Huffington Post, GOP 2012 Contender Roemer Decries Free Trade, DC Political Corruption, Andrew Kreig, Oct. 14, 2011. Republican 2012 Presidential candidate Buddy Roemer brought his message to my Washington Update radio show Oct. 13 with the kind of protectionist and anti-Wall Street language not usually heard from his party peers, much less bankers. Roemer sharply criticized the U.S. “free trade” bills with South Korea, Panama and Colombia that Congress passed this week with wide Republican support and President Obama’s encouragement.

Wall Street Journal, Manifesto Warns of Dangers Associated With an Empire, Alan Murray, July 15, 2003. An unusual manifesto is circulating through the e-mail boxes of prominent Washingtonians from an ad hoc group calling itself the "Committee for the Republic." Its five sponsors include conservative C. Boyden Gray, a White House lawyer in the first Bush administration; Chas. W. Freeman, a former ambassador to Saudi Arabia; and Stephen Cohen, a senior fellow at the Brookings Institution. The manifesto is a work in progress, its authors say. But the goal is clear: to educate Americans about the dangers of empire.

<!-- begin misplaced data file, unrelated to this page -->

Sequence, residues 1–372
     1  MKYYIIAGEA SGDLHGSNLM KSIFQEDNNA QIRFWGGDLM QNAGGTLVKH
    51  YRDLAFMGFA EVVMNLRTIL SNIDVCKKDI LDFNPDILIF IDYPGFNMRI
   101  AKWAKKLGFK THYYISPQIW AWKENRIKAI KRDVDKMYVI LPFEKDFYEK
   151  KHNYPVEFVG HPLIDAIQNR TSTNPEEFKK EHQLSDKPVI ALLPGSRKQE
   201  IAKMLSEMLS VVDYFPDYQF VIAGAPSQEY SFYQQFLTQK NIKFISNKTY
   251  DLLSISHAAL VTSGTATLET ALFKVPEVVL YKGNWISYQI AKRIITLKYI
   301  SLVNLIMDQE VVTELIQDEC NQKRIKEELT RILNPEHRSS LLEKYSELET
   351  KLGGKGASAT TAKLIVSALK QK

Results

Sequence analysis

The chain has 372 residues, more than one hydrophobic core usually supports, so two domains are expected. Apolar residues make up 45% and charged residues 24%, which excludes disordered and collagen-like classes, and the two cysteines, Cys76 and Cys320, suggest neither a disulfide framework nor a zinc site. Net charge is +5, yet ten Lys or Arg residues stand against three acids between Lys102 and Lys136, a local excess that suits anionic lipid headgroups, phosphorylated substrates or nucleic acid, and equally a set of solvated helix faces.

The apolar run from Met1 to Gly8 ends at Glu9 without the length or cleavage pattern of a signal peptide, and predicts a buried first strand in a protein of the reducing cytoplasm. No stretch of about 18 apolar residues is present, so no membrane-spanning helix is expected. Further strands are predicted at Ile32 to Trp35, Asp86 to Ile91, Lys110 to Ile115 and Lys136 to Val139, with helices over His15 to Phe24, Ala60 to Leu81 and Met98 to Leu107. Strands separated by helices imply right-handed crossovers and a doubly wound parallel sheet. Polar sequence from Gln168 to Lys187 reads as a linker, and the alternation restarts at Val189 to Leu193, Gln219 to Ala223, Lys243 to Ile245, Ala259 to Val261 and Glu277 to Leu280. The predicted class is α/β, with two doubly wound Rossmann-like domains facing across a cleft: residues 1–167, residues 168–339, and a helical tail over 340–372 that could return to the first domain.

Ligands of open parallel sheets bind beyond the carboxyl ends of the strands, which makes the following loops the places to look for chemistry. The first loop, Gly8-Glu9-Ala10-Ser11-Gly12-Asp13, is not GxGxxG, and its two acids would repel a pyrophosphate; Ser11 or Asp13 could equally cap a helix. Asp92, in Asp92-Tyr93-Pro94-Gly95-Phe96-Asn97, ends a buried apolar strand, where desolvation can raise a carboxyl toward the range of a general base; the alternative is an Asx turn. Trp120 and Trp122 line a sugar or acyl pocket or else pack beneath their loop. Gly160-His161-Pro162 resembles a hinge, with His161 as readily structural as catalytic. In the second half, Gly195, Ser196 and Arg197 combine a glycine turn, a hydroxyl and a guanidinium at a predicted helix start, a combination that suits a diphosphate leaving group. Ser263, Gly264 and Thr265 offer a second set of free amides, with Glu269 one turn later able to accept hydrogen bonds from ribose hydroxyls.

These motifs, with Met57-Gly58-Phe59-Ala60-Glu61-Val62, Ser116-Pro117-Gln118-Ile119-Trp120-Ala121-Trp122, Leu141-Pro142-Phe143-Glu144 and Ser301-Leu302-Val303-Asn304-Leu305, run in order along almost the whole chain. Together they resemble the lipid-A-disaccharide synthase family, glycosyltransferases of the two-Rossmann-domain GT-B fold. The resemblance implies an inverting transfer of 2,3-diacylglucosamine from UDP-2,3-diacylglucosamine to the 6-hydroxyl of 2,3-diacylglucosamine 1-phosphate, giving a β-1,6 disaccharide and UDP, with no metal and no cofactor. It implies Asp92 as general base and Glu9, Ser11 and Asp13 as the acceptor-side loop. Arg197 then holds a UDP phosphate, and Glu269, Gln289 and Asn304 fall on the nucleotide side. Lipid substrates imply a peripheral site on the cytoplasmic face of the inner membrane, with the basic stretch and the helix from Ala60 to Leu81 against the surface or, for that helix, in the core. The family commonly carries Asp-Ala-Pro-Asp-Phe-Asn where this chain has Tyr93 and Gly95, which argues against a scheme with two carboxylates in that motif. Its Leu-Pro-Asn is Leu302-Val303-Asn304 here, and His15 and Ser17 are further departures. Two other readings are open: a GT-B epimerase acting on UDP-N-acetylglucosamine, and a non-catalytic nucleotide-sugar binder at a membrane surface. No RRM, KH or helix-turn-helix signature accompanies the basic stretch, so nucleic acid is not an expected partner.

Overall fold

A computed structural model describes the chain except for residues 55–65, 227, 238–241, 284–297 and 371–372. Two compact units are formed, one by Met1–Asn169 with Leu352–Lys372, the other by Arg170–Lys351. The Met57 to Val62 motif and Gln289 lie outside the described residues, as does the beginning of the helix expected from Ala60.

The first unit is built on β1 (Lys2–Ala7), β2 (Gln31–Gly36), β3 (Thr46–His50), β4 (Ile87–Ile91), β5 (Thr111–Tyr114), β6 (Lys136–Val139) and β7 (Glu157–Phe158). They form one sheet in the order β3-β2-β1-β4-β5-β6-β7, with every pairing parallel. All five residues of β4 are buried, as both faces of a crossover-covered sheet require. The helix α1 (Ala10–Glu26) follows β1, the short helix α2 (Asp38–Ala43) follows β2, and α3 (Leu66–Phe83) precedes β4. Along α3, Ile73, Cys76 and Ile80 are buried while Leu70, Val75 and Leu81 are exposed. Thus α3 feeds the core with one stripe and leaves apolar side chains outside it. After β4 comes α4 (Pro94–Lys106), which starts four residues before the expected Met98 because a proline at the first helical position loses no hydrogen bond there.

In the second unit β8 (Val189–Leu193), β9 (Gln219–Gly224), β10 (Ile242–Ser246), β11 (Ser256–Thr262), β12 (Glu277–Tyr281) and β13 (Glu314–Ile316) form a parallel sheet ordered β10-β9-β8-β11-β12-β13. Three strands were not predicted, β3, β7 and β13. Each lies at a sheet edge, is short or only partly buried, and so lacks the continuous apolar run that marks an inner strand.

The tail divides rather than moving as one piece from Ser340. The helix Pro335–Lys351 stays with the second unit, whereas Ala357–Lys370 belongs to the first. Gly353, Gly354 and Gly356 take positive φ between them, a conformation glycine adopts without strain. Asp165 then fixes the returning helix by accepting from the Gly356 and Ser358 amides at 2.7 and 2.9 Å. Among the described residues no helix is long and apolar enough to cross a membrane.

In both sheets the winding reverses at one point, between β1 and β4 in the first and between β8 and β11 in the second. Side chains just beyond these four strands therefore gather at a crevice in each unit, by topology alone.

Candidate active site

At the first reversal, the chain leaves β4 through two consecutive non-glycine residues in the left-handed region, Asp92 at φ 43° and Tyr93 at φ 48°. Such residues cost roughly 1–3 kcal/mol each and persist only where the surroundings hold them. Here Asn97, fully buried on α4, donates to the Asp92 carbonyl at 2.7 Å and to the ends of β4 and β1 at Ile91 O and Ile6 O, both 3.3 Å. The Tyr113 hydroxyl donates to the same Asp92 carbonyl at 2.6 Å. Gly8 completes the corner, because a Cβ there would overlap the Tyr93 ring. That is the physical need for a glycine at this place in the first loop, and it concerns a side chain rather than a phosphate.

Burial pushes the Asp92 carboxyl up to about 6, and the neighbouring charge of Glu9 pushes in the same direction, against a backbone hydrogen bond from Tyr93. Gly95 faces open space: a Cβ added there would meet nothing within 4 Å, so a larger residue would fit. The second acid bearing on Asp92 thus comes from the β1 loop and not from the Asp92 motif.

Updated: Huffington Post, Koch Brothers, Chamber of Commerce Face Possible Campaign Donation Disclosure After Ruling, Paul Blumenthal, March 30, 2012. On Friday evening, the U.S. District Court for the District of Columbia issued a ruling that could begin the process of revealing the identities of secret donors to groups connected to Karl Rove and the Koch brothers. The court ruled in Van Hollen v. Federal Election Commission that the FEC rules that restricted campaign donor disclosure are not valid and must be changed to provide for disclosure. "We are very happy to see the judge got it right," says Paul Ryan, a lawyer for the Campaign Legal Center, a campaign finance watchdog that was a part of the team challenging the FEC rules. Those rules state that donors to groups spending money on "electioneering communications," or advertisements that do not specifically call to elect or defeat a candidate, must only be disclosed if they specifically earmarked their donation to that particular expenditure. Since few, if any, donors to these groups ever earmark their donation for a specific election expense there was no disclosure. That FEC rule came in the wake of the 2007 Supreme Court ruling in Wisconsin Right to Life v. FEC. That ruling overturned a ban, instituted by the McCain-Feingold campaign finance reform law, regarding direct corporate and union contributions to electioneering communications.